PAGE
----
Less than a week ago, marathon world record holder Eliud Kipchoge announced he will return to the Berlin Marathon on Sept. 24 for a bid at his fifth Berlin title on the famously flat and fast course. Many fans expected Kipchoge to choose to run the New York City Marathon in November in preparation for the extremely hilly course at the 2024 Paris Olympics. Now, he will potentially clash against the second-fastest man in history, Kelvin Kiptum.
On June 15, he conducted a virtual press conference with the media to explain his decision behind Berlin, hinting at his future plans and chatting about the potential clash between him and the 2023 London Marathon champion, Kiptum. Kipchoge said: “Kiptum has all power to do what he wants. I have done enough. I trust that what I have done in the (sport) world will be respected. In any case, I wish him well. […] If Kiptum runs under 2:00, he will always be the second [to do so]. I’ll be the first one. So I have no worries at all.”
In his two marathon starts, the 23-year-old Kiptum won on both occasions. He ran a 2:01:53 debut to win the 2022 Valencia Marathon and followed it up with a 2:01:25 to break Kipchoge’s course record at the 2023 London Marathon five months later.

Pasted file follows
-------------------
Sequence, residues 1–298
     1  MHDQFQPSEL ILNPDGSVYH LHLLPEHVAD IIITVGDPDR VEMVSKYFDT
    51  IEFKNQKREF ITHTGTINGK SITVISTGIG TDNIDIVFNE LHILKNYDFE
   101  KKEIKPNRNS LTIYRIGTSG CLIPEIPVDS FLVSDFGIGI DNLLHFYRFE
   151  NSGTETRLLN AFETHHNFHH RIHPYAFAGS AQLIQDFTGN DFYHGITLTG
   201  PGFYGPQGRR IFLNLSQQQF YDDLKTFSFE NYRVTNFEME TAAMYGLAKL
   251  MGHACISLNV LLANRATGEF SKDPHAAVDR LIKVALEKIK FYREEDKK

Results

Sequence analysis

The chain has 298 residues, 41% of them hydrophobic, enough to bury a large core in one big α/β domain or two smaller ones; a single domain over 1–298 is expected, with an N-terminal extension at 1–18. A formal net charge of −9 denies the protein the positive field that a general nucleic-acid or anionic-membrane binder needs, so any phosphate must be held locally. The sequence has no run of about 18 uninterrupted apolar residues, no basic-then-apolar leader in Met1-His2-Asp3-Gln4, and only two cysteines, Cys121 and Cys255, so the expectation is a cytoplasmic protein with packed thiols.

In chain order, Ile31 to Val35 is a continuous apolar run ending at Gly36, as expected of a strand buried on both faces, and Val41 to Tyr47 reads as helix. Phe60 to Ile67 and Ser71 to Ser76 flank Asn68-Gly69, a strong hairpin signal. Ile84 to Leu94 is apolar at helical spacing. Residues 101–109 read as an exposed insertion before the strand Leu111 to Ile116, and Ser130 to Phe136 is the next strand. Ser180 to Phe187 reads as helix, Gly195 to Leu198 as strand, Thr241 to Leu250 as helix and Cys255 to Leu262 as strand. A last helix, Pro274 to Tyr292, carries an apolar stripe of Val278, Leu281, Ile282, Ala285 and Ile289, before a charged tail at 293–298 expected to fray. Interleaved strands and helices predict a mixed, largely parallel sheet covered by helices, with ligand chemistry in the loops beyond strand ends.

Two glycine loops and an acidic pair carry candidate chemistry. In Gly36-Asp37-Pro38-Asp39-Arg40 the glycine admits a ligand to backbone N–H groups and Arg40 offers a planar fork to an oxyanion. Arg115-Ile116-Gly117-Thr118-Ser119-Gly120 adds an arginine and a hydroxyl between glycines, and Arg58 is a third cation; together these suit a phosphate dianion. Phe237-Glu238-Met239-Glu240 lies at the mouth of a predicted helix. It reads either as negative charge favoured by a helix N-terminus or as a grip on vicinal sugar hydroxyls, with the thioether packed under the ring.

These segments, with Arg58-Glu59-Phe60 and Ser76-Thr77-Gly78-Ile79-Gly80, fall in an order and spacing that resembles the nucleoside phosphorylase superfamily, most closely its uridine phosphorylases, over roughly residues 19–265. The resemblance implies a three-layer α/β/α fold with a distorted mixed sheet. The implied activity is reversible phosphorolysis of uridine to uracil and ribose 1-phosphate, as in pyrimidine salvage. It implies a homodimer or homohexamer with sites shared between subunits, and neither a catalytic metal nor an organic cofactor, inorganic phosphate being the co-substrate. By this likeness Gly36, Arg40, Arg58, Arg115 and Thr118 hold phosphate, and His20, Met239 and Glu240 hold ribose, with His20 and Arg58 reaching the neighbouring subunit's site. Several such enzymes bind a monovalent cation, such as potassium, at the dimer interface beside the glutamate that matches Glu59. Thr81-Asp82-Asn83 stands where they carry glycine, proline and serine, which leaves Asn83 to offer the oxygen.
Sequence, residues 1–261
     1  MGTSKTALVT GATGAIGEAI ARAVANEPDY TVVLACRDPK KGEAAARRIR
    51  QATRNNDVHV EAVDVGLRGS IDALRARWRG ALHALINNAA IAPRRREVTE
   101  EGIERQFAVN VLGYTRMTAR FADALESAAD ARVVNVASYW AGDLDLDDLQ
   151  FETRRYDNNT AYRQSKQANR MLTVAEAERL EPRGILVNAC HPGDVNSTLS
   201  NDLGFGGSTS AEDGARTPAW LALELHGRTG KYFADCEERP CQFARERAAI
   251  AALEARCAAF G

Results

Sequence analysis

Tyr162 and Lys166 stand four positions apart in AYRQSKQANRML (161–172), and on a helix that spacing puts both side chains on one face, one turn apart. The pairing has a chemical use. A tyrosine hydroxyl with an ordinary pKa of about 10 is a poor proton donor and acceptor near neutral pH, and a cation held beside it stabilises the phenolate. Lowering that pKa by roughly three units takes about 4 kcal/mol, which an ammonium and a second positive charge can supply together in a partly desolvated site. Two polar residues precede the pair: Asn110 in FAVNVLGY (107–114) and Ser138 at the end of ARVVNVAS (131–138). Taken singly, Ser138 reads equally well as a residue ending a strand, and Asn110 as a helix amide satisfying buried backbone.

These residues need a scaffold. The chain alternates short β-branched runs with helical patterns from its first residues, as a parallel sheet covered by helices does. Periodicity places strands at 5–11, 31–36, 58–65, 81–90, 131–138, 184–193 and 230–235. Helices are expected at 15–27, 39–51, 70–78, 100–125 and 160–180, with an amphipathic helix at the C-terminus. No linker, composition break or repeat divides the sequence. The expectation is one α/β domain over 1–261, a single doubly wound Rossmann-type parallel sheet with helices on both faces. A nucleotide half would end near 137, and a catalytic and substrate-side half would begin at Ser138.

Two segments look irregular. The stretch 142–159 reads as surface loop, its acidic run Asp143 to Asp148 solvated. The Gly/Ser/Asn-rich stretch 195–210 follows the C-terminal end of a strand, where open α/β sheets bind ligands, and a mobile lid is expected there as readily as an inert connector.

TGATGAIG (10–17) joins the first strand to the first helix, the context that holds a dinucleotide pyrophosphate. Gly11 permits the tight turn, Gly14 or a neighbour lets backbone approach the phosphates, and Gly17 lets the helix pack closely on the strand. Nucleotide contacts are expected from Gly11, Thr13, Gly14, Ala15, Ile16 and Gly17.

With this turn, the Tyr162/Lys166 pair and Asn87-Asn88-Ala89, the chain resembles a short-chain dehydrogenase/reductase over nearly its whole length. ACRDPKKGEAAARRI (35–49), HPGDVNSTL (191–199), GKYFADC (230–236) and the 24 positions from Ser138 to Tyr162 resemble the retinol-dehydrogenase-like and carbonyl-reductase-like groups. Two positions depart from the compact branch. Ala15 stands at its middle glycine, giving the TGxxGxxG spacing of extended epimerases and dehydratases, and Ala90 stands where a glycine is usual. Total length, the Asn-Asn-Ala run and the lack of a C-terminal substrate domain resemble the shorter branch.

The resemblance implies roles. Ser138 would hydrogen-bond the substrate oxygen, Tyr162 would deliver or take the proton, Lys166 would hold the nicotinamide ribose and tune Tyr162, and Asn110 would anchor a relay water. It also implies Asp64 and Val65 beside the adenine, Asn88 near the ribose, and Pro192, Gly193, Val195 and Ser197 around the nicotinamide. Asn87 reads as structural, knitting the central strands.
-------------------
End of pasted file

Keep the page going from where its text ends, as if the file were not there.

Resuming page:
Only three men in history have run under 2:02, and Kiptum is the only marathoner to do it under the age of 35. Although Kiptum has not been announced for the 2023 Berlin Marathon, there has been a lot of speculation about him entering this year’s elite field. After his win at the 2023 London Marathon, he expressed interest in seeing what he could do on the Berlin course, which is known to be fast and flat. Berlin has been the race where the last eight men’s marathon world records were set, dating back to Paul Tergat’s record of 2:04:55 in 2003.
At the 2023 Boston Marathon, Kipchoge had a tough day on the prestigious course, struggling with a leg issue that ultimately brought him his second marathon loss in the last nine years (he finished sixth). “I have no control over what happened in April in Boston,” Kipchoge told reporters. “There’s no point in brooding. I can (only) control things happening now and get ready for Berlin.”
The goals remain the same for the 38-year-old Kenyan, who is looking for his third consecutive Olympic gold in the marathon at the 2024 Paris Olympics. “I want to be the first man to win back-to-back-to-back,” Kipchoge said. “I am really looking for that. That would be real, real history.” Kipchoge believes that Berlin gives him the best opportunity to prepare himself for gold in Paris, giving him nearly 10 months to train in the lead-up to the Games.
Earlier this month, Kiptum also withdrew his name from a nomination to the Kenyan marathon team at the 2023 World Athletics Championships in Budapest, which hints that a fall marathon will indeed be on his calendar.